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Robin Friedman : author and journalist

Janine O'Malley, Associate Editor

Farrar, Straus & Giroux (2003)

Janine O'Malley has a master's degree in history from New York University. She has been at Farrar, Straus & Giroux for five years — her first job in publishing.

FSG accepts unsolicited manuscripts. Send them to Farrar, Straus & Giroux, Books for Young Readers, 19 Union Square West, New York, NY 10003.

How many books does FSG publish every year and what kind of books are they?

We publish 80 trade hardcovers.

How many do you edit per year?

About 10.

What have you edited recently?

MONSOON by Uma Krishnaswami.

Were any manuscripts you edited from the “slush pile”?


Is the slush pile an actual pile? Where is it? How many manuscripts are in it?

Yes, every editor has a few piles in their offices. Too many to count!

What percentage of manuscripts from the slush pile do you estimate get published?

A very, very small percentage.

Why does so much NOT get published?

Most people don't do their research to see what sort of books FSG publishes.

How long does it take FSG to read a manuscript?

About 1 to 3 months.

Do you usually read manuscripts at work or at home in the evenings and on weekends?

At home in the evenings and on the weekends.

What was your favorite book as a child?


Do you have any favorites now?

I still love all of my old favorites, but I've added some books written and illustrated by Lena and Olof Landstrom, the WILL books and the BOO AND BAA books.

Is it every editor's dream to discover the next Sharon Creech or Ruth White?

Of course.

What must a manuscript have to get your attention?

A distinctive voice and strong characters.

Do you read manuscripts all the way through or do you read just the first page? First chapter? First paragraph?

Not all manuscripts are read in their entirety. I usually read the first few chapters before I give up.

Describe the acquisition process. Let's say you found a manuscript you want to acquire. What happens next? Be specific!

I share it with my colleagues for more opinions, and if enough support is given, I do an acquisition memo detailing why I think we should publish the book, which is then given to our editorial and marketing directors. Then I just sit tight and wait for their response.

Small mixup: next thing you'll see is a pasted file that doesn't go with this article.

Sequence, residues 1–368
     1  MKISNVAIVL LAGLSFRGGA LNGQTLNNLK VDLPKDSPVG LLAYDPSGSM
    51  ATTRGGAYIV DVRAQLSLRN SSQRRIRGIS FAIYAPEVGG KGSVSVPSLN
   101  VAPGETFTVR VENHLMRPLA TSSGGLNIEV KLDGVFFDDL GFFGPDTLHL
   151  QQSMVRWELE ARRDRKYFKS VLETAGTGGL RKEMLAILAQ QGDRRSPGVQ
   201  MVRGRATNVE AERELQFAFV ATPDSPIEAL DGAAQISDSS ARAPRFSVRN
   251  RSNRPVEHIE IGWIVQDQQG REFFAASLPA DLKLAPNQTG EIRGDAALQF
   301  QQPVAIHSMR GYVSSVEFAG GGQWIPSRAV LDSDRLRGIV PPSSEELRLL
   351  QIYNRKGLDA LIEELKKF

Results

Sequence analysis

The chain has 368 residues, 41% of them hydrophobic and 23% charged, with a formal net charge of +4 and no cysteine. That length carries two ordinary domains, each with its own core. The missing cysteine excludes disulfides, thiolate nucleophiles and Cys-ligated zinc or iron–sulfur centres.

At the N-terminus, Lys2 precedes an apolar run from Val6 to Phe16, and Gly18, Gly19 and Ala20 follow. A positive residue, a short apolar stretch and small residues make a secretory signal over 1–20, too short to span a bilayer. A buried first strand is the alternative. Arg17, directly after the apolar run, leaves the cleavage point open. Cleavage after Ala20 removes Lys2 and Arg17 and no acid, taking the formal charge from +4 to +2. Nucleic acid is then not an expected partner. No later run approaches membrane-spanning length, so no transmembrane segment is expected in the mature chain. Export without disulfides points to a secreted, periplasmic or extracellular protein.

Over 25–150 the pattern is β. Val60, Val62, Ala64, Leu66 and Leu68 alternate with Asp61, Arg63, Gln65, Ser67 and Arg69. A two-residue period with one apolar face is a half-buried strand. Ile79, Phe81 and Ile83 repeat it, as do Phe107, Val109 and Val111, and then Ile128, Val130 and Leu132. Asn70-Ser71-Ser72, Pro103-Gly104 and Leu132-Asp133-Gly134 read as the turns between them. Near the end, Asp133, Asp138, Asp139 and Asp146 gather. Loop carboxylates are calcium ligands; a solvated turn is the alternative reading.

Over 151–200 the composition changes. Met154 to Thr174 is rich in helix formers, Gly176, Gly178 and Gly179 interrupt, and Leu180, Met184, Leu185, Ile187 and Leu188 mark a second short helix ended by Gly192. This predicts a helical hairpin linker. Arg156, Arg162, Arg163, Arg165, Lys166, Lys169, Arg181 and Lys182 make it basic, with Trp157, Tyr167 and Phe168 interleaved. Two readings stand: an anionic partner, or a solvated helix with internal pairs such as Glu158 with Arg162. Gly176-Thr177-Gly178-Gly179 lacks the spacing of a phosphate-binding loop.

Do you ever love a book that you have to turn down? Why?

Yes, usually because not everyone loves the book as much as I might.

Do you read manuscripts addressed to you or do you have an assistant?

I read my own manuscripts as well as ones sent to Frances Foster.

When you make an offer to an author, do you expect the author to negotiate the terms or accept the offer on the spot?


Are offers made by telephone or email?

I call first and fax or email the details of the offer.

Which parts of a publishing contract is the publisher most flexible about?

Author copies.

How often do you send “personal rejection letters” versus “form rejection letters”?

Probably for about half of the manuscripts I receive.

What is the approximate print run of a picture book these days? A novel?

Picture book — 7,500-15,000. Novel — 5,000-10,000.

Is it true that most books lose money for the publisher if they don't sell out their first printing? Why?

Yes, because the first print run is usually set so that the advance will earn out.

Is it true that today's books stay in print less time than yesterday's books?

It seems to be the case.

Is it true that editors have little time to “edit” these days? Is it true that they are looking for manuscripts that are more “finished”?

No, I don't find either of these things to be true at FSG.

How has Harry Potter changed the field?

People are more willing to buy hardcovers for middle grade.